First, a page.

Tuesday 20 February 2018

Gambling epidemic is looming - McNamee

Niall McNamee (SPORTSFILE)
Niall McNamee (SPORTSFILE)

Michael Verney

Last month was a significant milestone for Niall McNamee, marking four years since he decided his gambling problem had spiralled so far out of control that treatment was needed to get his life back on track.

Despite maintaining high standards on the pitch, the Offaly attacker was tormented off it. He documented his addiction publicly, but despite the GPA taking positive steps, he believes a storm is looming.

"The GAA has a huge gambling culture. A lot of people wouldn't see it as an issue but it's going to become an epidemic over the coming months," McNamee said.

"I'm away from it now but I know a lot of club and county WhatsApp groups are full of tips and different bets that lads are having. I hear it in dressing-rooms the whole time, it's accepted as the norm.

"Thankfully the introduction of apps weren't around in my time. People are using them to pass time but they become completely dependent on them."

The Rhode ace has been approached by a "crazy" amount of players, both past and present, since telling his story about the "merry go-round of negativity" gambling creates, but he acknowledges that a solution is not quick at hand.

"You see and hear more and more ads for bookmakers and online sites," McNamee said. "I understand there's lots of money involved but it's becoming more acceptable, that's not a good example to set.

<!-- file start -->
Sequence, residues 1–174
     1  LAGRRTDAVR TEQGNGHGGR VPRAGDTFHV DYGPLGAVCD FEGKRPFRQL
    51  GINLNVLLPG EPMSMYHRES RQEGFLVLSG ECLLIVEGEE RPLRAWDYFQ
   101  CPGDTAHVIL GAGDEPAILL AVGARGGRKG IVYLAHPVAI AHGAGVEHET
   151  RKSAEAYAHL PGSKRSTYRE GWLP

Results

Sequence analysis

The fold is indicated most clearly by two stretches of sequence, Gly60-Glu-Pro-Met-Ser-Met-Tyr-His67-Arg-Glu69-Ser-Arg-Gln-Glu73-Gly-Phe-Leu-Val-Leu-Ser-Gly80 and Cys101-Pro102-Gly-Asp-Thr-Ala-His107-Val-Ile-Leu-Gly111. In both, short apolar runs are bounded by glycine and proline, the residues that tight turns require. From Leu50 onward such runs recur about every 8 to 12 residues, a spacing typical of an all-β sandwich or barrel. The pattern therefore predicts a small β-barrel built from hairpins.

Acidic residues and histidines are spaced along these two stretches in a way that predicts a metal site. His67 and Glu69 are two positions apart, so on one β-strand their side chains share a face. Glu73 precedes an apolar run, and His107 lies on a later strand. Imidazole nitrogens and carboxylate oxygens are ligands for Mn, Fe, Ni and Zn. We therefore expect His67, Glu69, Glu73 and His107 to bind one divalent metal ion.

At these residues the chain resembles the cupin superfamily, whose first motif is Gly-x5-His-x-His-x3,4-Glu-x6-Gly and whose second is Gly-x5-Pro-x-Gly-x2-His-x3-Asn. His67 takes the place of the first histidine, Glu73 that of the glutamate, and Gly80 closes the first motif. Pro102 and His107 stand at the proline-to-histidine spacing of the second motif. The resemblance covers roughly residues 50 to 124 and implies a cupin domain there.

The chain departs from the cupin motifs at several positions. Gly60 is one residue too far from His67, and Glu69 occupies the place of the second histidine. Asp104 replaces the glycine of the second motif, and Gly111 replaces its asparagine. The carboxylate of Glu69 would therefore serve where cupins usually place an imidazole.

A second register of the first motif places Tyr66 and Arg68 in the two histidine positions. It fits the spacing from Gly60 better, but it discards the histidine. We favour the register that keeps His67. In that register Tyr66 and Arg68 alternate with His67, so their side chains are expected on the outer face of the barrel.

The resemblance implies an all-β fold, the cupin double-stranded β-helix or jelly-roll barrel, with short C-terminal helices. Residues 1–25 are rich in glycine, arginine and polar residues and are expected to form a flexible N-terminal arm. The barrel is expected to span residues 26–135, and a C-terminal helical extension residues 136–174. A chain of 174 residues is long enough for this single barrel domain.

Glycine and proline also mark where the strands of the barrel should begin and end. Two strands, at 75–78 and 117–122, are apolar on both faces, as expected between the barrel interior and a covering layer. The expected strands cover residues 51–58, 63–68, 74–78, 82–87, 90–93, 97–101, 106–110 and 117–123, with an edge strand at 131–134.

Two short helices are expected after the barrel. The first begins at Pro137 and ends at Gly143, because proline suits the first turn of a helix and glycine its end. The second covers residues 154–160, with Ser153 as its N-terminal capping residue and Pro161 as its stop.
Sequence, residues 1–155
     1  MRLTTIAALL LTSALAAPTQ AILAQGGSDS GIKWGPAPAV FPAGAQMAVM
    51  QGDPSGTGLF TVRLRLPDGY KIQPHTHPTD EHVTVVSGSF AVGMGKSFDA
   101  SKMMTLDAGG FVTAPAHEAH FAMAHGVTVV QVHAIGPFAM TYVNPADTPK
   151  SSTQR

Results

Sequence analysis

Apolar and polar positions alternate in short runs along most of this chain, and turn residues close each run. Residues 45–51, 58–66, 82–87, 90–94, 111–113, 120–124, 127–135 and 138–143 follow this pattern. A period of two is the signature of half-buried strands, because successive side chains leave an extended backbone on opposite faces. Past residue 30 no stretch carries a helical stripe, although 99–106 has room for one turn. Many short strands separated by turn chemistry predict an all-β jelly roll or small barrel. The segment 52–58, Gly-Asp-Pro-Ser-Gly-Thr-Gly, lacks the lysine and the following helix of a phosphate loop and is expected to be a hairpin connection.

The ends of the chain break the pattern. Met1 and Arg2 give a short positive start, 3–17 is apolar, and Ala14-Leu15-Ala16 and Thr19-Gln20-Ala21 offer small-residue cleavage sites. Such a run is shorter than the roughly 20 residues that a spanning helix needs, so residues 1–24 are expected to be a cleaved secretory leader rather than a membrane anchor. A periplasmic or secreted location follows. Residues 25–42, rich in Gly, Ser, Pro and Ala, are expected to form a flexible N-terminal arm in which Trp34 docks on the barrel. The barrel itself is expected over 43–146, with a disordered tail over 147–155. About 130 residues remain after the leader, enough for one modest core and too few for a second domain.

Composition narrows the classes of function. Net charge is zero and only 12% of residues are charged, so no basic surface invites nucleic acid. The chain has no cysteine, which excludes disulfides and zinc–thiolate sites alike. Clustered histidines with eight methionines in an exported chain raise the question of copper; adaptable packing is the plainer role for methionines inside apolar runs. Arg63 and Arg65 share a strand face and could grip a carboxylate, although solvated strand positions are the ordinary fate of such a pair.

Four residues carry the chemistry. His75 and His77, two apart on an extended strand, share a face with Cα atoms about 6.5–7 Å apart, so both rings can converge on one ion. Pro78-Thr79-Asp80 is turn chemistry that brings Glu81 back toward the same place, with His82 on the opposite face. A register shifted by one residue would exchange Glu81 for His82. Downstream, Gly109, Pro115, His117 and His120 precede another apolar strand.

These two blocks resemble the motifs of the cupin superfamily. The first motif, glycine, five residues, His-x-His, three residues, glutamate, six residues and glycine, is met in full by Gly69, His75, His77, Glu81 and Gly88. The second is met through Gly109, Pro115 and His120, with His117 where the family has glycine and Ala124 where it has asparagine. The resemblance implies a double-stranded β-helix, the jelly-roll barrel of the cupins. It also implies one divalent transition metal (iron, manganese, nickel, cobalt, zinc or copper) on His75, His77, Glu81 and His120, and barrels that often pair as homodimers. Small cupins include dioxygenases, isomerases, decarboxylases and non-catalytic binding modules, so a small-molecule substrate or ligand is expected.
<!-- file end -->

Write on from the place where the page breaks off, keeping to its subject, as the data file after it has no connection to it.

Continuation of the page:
"It's very difficult to stop betting because there are two types of gambler: the addict and the occasional punter. It's very difficult for those who do it as a hobby to understand how serious it can be for others.

"Some players are backing themselves to get the first point or first goal and that can have a serious effect on their performance and the team's.

"They don't even know why they are doing it and it could also lead them to a place where they back against themselves."

GAA gambling regulations trail in FAI's wake

Rules governing gambling within the GAA are in stark contrast to those of their FAI counterparts, with only two regulations in the Official GAA Guide and neither pertaining to betting on GAA games and activities.

Under Rule 5.1(b) Uses of Property, it says “grounds controlled by Association units shall not be used or permitted to be used for Horse Racing or Greyhound Racing”.

Rule 5.4 details Exclusion describing how “bookmaking shall not be permitted within Association property, with a breach resulting in a 24-month suspension”.

Contrastingly, the FAI introduced new regulations in March this year under Rule 101 Betting/Gambling of their Official Rules for the Association.

Some of the most interesting rules include the following, with engagement subject to disciplinary sanction.

2. a) acting in a manner that is likely to exert an influence on the course and/or result of a match or competition by means of behaviour with a view to gaining an advantage for themselves or a third party;

b) participating directly or indirectly in betting or similar activities relating to matches or competitions or having a direct or indirect financial interest;

In June, Drogheda United’s Shane Dunne got a five-match ban after betting on the Louth side to lose to Sligo Rovers by more than two goals.

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